A funny thing happened in last week's Democratic debate when Hillary Clinton accused Vermont senator Bernie Sanders of espousing views similar to the Koch Brothers, the arch-conservative billionaires and political king-makers.
Sanders agreed with her.
The former secretary of state was referring to Sanders's long-held opinion that the Export-Import Bank of the United States--the 81-year-old institution that serves as a financing prop to businesses involved in exports--is actually an example of "crony capitalism." Sanders did not deny the charge, saying the bank is really "The Bank of Boeing," for its support of very large businesses at the expense of smaller ones and taxpayers. That, of course, has been the exact position of Tea Party members including Texas senator Ted Cruz, who successfully engineered the bank's shutdown last summer. (It reopened after intense partisan fighting in December.)
The 2016 presidential race has been notable for its unpredictability, crudeness, and unfortunately in recent days, violence. But as Sanders's comments demonstrate, there may be more ground for agreement between the opposing parties than you might suppose, especially on business issues.
"We've become so accustomed to the idea you are a Democrat or Republican or conservative or liberal, and that the sides can't agree, but there are issues I would say that is not true of," says John Hudak, a fellow in government studies at Brookings Institution, a centrist think tank.
Long before Republicans made the Ex-Im Bank their bête noire, Sanders had been an ardent opponent of it, largely for its support of foreign companies that, in his view, took away U.S. jobs. He even crafted legislation in 2002, killed at the last minute, which would have reformed the bank to protect jobs in the U.S. And he wasn't alone among Democrats. As Salon points out, when Barack Obama was campaigning in 2008, he called the bank "little more than corporate welfare." That's a far cry from the overwhelming support for the bank that the president and many other Democrats have shown over the past year.
Two other policy issues where the candidates' views often mesh have been justice reform and trade deals. Kentucky senator Rand Paul, a libertarian, made reform of the justice system with regard to nonviolent drug offenses a cornerstone of his short-lived run for the Republican nomination. Sanders has put forth similar views on the campaign trail, in debates, and on his website. "Millions of lives have been destroyed because people are in jail for nonviolent crimes," he says on the site. "For decades, we have been engaged in a failed 'War on Drugs' with racially-biased mandatory minimums that punish people of color unfairly."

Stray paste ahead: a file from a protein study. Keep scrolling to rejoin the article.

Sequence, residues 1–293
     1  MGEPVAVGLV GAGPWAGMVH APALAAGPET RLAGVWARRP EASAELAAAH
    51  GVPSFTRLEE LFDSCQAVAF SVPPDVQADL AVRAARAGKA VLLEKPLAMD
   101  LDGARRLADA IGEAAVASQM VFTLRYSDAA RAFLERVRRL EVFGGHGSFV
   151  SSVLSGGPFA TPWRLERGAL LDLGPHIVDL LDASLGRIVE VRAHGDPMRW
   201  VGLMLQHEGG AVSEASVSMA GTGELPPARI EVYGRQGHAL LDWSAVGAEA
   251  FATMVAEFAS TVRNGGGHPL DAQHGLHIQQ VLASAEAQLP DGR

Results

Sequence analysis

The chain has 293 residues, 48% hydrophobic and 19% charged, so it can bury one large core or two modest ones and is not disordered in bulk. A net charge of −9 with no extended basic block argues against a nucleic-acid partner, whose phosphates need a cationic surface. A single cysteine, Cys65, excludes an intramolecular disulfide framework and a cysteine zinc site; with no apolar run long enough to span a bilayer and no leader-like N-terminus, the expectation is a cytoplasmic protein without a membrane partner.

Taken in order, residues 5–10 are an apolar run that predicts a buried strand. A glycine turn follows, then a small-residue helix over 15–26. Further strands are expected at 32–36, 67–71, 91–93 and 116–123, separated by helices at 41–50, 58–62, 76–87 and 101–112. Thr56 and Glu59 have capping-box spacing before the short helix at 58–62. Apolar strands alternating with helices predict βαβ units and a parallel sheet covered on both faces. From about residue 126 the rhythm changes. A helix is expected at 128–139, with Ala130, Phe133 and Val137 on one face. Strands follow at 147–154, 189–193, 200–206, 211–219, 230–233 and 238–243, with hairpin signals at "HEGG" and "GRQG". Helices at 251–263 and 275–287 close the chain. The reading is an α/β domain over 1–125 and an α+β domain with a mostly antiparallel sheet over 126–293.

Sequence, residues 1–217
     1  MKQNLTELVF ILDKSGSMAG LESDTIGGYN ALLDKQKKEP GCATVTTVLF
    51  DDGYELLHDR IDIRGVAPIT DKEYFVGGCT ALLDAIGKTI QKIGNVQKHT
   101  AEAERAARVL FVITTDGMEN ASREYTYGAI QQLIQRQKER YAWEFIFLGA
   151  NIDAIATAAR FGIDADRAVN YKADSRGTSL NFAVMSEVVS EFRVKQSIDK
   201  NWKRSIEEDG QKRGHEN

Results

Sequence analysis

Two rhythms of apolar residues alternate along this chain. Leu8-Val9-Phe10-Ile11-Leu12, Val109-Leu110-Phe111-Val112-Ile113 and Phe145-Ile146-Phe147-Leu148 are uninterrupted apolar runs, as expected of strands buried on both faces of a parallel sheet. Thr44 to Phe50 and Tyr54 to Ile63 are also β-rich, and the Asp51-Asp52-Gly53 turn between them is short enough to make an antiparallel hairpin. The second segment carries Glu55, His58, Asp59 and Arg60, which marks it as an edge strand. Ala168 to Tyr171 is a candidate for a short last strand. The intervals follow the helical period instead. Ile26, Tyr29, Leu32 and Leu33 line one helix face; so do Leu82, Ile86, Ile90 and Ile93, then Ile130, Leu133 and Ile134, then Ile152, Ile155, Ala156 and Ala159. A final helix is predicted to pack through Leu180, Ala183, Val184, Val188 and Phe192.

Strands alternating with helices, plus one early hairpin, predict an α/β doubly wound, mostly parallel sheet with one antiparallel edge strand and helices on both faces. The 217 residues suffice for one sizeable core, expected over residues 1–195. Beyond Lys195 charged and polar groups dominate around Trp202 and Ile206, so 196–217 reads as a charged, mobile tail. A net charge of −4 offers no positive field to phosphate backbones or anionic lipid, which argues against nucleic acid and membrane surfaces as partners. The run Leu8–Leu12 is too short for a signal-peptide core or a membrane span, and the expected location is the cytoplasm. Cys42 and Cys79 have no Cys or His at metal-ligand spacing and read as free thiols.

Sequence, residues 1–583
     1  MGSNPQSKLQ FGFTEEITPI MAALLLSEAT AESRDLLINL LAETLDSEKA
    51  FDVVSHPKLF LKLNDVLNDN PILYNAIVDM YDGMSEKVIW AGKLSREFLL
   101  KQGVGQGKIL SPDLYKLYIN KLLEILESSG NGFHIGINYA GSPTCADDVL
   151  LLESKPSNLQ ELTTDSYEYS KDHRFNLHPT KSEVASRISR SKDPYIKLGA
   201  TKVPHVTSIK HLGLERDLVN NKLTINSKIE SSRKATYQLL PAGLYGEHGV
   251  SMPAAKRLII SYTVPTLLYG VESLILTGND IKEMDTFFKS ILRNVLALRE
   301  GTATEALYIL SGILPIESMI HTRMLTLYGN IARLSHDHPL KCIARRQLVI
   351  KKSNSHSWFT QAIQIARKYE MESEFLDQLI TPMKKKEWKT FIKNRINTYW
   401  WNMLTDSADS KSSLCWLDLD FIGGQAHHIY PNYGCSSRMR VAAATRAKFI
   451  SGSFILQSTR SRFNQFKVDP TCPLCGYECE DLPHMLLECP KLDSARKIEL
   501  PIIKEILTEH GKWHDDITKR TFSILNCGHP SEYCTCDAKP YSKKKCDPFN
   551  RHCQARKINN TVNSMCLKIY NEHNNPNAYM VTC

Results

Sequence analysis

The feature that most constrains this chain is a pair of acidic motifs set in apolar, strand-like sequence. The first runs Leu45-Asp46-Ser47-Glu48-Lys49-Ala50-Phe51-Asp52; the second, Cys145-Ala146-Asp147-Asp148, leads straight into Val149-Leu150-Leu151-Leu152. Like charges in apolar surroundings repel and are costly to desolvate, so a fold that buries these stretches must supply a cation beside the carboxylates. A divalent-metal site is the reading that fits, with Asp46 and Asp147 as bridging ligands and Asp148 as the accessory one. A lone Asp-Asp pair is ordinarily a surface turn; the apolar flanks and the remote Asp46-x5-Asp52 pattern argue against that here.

Sanders also has unequivocally opposed free trade agreements, such as the Trans-Pacific Partnership, or TPP, which he says result in lower wages in manufacturing, job losses, and ultimately the shrinking of the American middle class. And while Republicans tend to favor such agreements, that has not been the case across the board among the presidential candidates: Real estate mogul Donald Trump has voiced loud opposition to the TPP, and Florida senator Marco Rubio has swerved from strong support to a more lukewarm, wait-and-see approach.
Agreement is limited
Of course, there's a key difference between the parties, no matter how similar they may sound, says Phillip Wallach, a senior fellow at Brookings. Most on the Right, believe that corruption stems from any government involvement in business. For the Left, the idea, simply put, is that corporate money prevents government from operating efficiently.
So while members on different ends of the political spectrum may sound alike on things like Ex-Im Bank, they eventually head off in different directions. Cruz favors killing the bank, while Sanders likely would enact reforms to make it more responsive to smaller businesses. On health care, Republicans would all do away with the Affordable Care Act entirely. Sanders would prefer to replace it with a system resembling Medicare, but if he were unable to do so as president he wouldn't be likely to gut the ACA.
So, despite the similarities on these issues, there are, of course, important implications for your business resulting from how the candidates' views diverge.
"The more libertarian solution, for candidates like Ted Cruz, would be getting government out of the way," Wallach says. " For people on the Left like Bernie Sanders, the solution is if we could get [big] money out the government, it can work like it should for regular people, and that would be great for society."